If you've noticed you have irregular periods, really bad PMS, or have experienced early miscarriages in the past, you may have a low progesterone problem. It is crucial to know and understand your progesterone levels, not just for pregnancy health but for your overall well being. You can make the inne minilab a part of your daily routine with a simple saliva test, designed with simplicity and freedom in mind.
You can learn more about the inne minilab here.



1. R.Sitruk-Ware (2018), Climacteric, Non-clinical Studies of Progesterone, Article consulted on March 18, 2020

2. Roberta, D.B., Richard, F.T., Michael, R.F., Michel, B., JunMing, W., Caleb, E.F., Todd, E.M., Frank, Z.S., Christian, J.P., & Jon, N.(2008), Frontiers in Neuroendocrinology, Progesterone Receptors: Form and Function in Brain,  Article consulted on March 18, 2020, available from:

3. Pratap, K. & Navneet, M. (2012), Nigerian Medical Journal, Hormones in Pregnancy, Article consulted on March 18, 2020

4. MedlinePlus, Serum Progesterone, Article consulted on March 18, 2020

5. Chutima, R., Andre, F.C., Frank, C., & Michael, M.(2019), Frontiers in Psychology, Lowered Plasma Steady-State Levels of Progesterone Combined With Declining Progesterone Levels During the Luteal Phase Predict Peri-Menstrual Syndrome and Its Major Subdomains, Article consulted on March 18, 2020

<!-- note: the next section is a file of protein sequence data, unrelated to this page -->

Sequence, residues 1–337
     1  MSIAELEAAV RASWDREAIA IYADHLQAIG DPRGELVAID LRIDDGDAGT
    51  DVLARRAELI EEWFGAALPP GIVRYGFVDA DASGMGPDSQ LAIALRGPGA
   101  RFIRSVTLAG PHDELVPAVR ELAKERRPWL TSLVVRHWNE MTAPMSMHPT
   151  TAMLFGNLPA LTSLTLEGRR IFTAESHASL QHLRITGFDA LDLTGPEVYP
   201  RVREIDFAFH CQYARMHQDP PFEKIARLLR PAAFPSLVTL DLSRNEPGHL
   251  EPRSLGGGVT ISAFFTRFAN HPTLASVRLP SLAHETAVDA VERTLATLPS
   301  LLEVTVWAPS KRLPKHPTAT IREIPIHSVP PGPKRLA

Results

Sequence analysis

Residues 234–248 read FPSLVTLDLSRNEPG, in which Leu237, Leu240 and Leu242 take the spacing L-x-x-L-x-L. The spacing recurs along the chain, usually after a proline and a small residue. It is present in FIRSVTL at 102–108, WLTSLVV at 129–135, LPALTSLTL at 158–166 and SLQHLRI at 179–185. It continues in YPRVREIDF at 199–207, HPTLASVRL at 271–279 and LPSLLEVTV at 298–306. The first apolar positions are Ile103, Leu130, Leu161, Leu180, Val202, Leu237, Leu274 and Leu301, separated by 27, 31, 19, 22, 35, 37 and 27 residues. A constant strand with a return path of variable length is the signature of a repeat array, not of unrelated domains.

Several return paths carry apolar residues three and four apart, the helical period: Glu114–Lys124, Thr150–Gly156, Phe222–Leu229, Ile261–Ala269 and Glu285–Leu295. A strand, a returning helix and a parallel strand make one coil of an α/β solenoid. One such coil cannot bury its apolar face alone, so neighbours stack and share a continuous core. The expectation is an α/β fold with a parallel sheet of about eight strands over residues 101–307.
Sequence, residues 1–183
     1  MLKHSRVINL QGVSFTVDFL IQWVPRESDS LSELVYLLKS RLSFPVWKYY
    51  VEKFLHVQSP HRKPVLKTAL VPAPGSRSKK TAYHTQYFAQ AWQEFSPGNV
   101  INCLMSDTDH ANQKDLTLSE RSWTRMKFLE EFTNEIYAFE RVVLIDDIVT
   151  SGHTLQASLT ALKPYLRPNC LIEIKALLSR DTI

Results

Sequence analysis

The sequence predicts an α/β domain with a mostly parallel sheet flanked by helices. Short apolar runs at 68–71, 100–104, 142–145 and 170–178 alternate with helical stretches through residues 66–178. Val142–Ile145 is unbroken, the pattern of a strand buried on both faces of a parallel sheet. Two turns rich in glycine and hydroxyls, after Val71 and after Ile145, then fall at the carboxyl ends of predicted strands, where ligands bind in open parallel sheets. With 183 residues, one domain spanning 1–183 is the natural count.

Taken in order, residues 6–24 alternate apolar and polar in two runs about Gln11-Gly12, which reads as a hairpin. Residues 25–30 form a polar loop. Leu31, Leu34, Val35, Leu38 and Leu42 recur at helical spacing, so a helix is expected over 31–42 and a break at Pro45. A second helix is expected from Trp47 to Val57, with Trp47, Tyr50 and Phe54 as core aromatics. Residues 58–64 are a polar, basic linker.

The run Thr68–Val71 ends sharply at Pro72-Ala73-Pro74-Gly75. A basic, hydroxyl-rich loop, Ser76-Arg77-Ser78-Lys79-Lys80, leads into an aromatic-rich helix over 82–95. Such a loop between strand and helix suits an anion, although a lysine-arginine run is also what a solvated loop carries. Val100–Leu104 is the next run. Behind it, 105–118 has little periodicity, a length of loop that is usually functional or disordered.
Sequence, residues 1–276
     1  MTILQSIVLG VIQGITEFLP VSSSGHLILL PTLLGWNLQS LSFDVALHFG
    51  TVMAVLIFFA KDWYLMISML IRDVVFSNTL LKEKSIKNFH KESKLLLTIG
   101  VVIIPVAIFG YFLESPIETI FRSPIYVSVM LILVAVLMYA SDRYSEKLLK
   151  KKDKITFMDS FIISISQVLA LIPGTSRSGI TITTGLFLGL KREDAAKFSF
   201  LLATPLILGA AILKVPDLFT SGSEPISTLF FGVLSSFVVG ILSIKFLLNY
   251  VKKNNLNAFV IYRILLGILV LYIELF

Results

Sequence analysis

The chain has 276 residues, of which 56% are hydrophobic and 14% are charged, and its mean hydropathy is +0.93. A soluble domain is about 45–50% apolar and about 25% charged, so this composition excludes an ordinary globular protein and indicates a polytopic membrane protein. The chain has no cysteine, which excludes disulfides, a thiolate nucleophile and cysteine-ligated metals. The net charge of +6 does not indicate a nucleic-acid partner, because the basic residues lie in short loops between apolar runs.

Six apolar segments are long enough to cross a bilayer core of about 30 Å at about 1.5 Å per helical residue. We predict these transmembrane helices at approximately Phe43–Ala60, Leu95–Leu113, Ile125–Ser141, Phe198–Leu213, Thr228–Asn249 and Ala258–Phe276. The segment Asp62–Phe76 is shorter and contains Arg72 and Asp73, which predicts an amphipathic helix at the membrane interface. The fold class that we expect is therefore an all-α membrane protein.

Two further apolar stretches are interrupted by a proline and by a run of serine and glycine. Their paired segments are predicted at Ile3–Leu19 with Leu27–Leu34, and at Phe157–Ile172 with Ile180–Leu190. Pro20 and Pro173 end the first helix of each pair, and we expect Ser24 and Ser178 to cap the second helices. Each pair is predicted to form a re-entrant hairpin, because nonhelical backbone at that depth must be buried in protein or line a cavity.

6. Torbjörn, B., Marie, B. & Jessica, S.(2015), Current Psychiatry Reports, GABAA Receptor-Modulating Steroids in Relation to Women’s Behavioral Health, Article consulted on March 18, 2020

7. Mayo Clinic, Premenstrual syndrome (PMS), Article consulted on March 18, 2020

8. Melissa, B., Sarah, L.M., Teri, P., Scott, S., Caron, Z. & Michael, W.O. (2013), Archives of Women’s Mental Health, Examination of Premenstrual Symptoms as a Risk Factor for Depression in Postpartum Women”, Article consulted on March 18, 2020

9. Gavin, N.I., Gaynes, B.N., Lohr, K.N., Meltzer-Brody, S., Gartiehner, G. & Swinson, T. (2005), Obstetrics and Gynecology, Perinatal Depression: A Systematic Review of Prevalence and Incidence”, Article consulted on March 18, 2020

10. Joyce, T.B. & Howard, M.K. (2011), Obstetrics and Gynecology Clinics of North America, Mood and Menopause: Findings from the Study of Women’s Health Across the Nation (SWAN) Over Ten Years”, Article consulted on March 18, 2020,

11. Centers for Diseases Control & Prevention, PCOS (Polycystic Ovary Syndrome) and Diabetes, Article consulted on March 18, 2020

12. Keisha, S., Sanket, N., Tanu, R., Anthony, E.A., Kimberly, R.L. & Tultul, N. (2018),  International Journal of Environmental Research and Public Health, Do Progestin-Only Contraceptives Contribute to the Risk of Developing Depression as Implied by Beta-Arrestin 1 Levels in Leukocytes? A Pilot Study, Article consulted on March 18, 2020